This invention pertains to a method of enclosing a proteinaceous product. Proteinaceous products are meant to include all meat products, such as beef, pork, poultry, fish and products with meat mixtures and other proteinaceous products, such as cheese. Typically these products are of the sliced luncheon meat variety.
Referring to the figures a body member 10 having a first planar portion 12 and a central portion 14 to provide a packaging chamber is shown. The central portion may be of any suitable cross-sectional shape such as round, square or oval. Suitable materials for making the semi-rigid preform plastic body are Barex, polystyrene, polyester and PVC. Suitably these bodies are thermoformed from sheets 10 to 15 mils thick.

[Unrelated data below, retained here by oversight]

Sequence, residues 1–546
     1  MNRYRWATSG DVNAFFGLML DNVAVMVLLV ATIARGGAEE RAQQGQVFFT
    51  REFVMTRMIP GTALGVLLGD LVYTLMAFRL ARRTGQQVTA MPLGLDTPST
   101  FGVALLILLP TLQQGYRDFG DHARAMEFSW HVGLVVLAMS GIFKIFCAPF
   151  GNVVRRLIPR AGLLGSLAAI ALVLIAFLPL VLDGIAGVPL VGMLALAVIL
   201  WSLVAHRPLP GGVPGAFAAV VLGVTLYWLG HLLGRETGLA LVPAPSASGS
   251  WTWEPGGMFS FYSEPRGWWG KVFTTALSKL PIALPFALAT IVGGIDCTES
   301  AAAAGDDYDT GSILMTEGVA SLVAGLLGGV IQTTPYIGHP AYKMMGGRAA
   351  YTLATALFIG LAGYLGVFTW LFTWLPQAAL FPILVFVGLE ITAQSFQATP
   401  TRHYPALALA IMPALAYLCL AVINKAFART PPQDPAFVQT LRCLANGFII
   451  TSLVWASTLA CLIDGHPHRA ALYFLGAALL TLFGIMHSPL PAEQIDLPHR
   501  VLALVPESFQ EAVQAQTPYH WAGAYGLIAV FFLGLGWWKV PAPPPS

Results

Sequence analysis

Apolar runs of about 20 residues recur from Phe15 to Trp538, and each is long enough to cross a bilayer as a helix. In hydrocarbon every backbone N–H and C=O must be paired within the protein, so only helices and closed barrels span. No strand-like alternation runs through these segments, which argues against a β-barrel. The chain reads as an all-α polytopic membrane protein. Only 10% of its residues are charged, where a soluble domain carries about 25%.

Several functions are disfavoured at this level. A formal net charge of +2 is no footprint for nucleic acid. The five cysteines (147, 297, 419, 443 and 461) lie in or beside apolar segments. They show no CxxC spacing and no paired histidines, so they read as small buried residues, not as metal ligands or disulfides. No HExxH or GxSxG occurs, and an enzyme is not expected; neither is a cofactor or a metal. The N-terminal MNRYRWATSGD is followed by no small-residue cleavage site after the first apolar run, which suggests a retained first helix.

A flexible, dimensionally stable base member 16 is also provided. By dimensionally stable, it is meant a base member having sufficient structural integrity such that when the package is opened, the opening forces do not distort the flexible base member out of its length/width original shape. The base member has a corresponding second planar marginal proportion 18 and a central portion 20 to provide a closure for the packaging chamber 14. The flexible material may be any such material such as metallized oriented polyesters (Mylars) or gold-coated polyethylene such as Curwood 8032K available from Curwood Inc. of New London, Wis. The high molecular weight pressure sensitive hot melt adhesive is applied to either the first planar margin portion or the corresponding second planar margin portion. The pressure sensitive adhesive melt may be applied totally around the closure as shown by 22 or may be partially applied around the closure and used in conjunction with a low molecular weight pressure sensitive hot melt adhesive or other sealing method to complete the closure.